When you meet Dasan Ahanu, you won’t forget him. Not only will you not forget him, but as educator Daniella Cook put it, “Once you hear him, you want to get to know him. It’s a sense of urgency.” Ahanu towers over most people at an impressive 6 feet 7 inches. You will most likely have heard him command the stage at any number of spoken word events throughout the Triangle, the state or the United States. It could be argued that Ahanu is the Triangle’s most ubiquitous spoken word artist–everywhere and always present.

In fact, present is a meaningful way to describe him. Whether he is hosting open mic events at the Berkeley Cafe in Raleigh or leading a group of Durham youth through writing activities, the poet, performer, educator and activist is always present. And his presence demands, somewhat pardoxically, your attention. While on stage his flow is vibrant; his energy as a teacher and an activist is subdued, subtle. He is soft-spoken, yet assertive. In any situation, however, his demeanor projects a kind of wisdom one might expect from an 80-year-old grandfather. And when someone like that speaks, you listen.

“For a young man, Dasan is wise beyond his years, as far as his ability to work with and relate to an array of youth who really have legitimate concerns about life itself,” says Earl Matlock of P.R.O.U.D., a Durham organization that works with “at-risk teens.” Ahanu taught in Matlock’s after-school program this spring. “These kids would be considered troubled youth. But these are children that need a chance, and that is one of the things that Dasan gave them,” says Matlock.

And perhaps Ahanu knows a thing or two about taking chances. The first poem that he ever performed was one he wrote for a weekly open mic event in Raleigh at the now defunct club Expressions. The poem was appropriately titled “Fear.”

Ahanu grew up in Raleigh an only child of a single mother, and started creating poetry as soon as he could write as a way to occupy his time and explore his imagination. Despite urgings from his friends as a young college student, Ahanu felt too shy to perform his poetry. He began attending open mic events at Expressions, where he was inspired, and decided to work himself up to perform. To help him in the process, he discovered a stage name, “Dasan Ahanu,” which comes from his grandmother’s Cherokee roots and means, quite purposefully, “one who commands with a sense of humor.”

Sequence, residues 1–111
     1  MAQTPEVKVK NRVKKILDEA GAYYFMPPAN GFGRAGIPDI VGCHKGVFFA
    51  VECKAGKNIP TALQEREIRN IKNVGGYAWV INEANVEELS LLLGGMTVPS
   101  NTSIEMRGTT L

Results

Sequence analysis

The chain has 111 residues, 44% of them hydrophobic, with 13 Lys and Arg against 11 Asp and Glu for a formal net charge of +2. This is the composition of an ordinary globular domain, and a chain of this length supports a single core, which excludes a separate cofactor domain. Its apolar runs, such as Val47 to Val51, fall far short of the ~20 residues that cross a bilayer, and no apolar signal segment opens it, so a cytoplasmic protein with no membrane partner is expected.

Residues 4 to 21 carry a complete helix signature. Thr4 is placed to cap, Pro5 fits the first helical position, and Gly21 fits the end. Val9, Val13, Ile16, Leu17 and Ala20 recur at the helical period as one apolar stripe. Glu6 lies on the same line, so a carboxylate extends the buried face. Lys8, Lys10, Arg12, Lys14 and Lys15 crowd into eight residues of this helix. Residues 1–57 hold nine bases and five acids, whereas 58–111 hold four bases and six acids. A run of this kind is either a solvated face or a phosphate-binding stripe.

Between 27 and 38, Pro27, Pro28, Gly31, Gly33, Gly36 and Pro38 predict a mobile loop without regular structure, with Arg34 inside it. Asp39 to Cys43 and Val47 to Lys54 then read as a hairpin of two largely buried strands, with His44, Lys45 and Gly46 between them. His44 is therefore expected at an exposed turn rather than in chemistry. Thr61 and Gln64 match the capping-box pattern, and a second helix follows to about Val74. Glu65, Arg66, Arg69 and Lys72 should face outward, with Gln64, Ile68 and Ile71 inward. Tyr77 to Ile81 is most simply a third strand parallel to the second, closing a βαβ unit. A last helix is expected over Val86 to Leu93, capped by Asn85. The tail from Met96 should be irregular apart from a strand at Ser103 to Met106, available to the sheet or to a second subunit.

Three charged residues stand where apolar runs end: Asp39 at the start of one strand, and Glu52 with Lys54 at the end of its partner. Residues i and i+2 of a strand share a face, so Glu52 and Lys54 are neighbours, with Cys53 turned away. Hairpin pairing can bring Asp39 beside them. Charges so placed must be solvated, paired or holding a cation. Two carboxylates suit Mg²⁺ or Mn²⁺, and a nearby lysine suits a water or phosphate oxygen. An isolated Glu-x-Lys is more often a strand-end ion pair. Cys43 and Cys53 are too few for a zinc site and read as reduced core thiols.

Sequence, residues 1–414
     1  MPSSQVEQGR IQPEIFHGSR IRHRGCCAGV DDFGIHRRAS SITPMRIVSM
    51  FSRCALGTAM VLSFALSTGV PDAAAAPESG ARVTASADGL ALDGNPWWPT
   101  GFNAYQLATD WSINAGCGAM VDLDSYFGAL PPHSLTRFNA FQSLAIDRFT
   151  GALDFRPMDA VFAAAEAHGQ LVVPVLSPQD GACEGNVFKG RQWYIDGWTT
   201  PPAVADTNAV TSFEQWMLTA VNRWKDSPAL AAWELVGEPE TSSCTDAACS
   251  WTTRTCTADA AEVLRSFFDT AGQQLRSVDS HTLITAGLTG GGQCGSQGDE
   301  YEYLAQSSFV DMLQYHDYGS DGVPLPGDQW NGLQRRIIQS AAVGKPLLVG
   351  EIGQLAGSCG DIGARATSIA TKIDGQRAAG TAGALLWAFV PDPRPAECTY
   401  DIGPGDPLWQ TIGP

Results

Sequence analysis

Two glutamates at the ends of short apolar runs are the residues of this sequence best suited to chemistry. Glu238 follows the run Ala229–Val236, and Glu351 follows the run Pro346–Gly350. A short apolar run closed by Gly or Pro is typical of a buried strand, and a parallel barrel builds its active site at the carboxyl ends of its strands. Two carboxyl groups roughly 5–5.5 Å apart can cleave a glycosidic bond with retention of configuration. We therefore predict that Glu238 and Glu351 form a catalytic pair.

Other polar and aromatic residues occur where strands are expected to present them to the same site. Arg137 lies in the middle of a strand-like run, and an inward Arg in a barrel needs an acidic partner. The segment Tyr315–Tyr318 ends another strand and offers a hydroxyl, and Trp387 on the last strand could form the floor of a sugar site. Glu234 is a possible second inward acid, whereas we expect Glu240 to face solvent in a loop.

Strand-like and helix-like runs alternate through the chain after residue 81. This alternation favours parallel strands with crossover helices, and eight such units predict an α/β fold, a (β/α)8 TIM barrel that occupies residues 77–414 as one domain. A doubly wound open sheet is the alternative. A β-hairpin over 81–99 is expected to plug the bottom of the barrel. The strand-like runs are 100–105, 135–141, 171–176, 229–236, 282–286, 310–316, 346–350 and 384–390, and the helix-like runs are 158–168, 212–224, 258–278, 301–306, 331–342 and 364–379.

After his first performance at Expressions, Ahanu was hooked and came back every week to perform.

“It was a connection to the crowd that hooked me,” says Ahanu. “It takes me time to connect with people I meet on an everyday basis, and being able to do that onstage was amazing.”

This connection is one that goes both ways. Tracy Evora, a Raleigh-based promoter for arts events, first heard him perform at Expressions and was immediately taken by him. Ahanu began hosting her spoken word event, the Cypher, two years ago. Says Evora, “People love him and totally relate to his work. He speaks of everyday situations. And metaphorically speaking, he just flips it and really challenges people.”

Cook tells a story about Ahanu performing as the featured poet at the Supper Club, a restaurant in Raleigh. In a crowd of African Americans, ranging in age from their 20s to late 30s, says Cook, “He completely engaged us all in a conversation about politics, relationships, sex–all of this without being condescending.”

Cook tells another story about him hosting a spoken word event at the Berkeley Cafe. “The crowd was getting rowdy and not paying attention. Dasan stopped and spun this intense poem about misogyny. The crowd went silent. And then he tells us that he just freestyled it. I was amazed.”

Greensboro-based poet Safiyah Nelson says, “When Dasan performs, the spirit moves him. He believes in what he’s saying. He’s not just speaking about justice and truth, he’s living it. You can see that in his performance. He has integrity that’s in him whether he’s onstage or offstage. This is why audiences connect with Dasan.”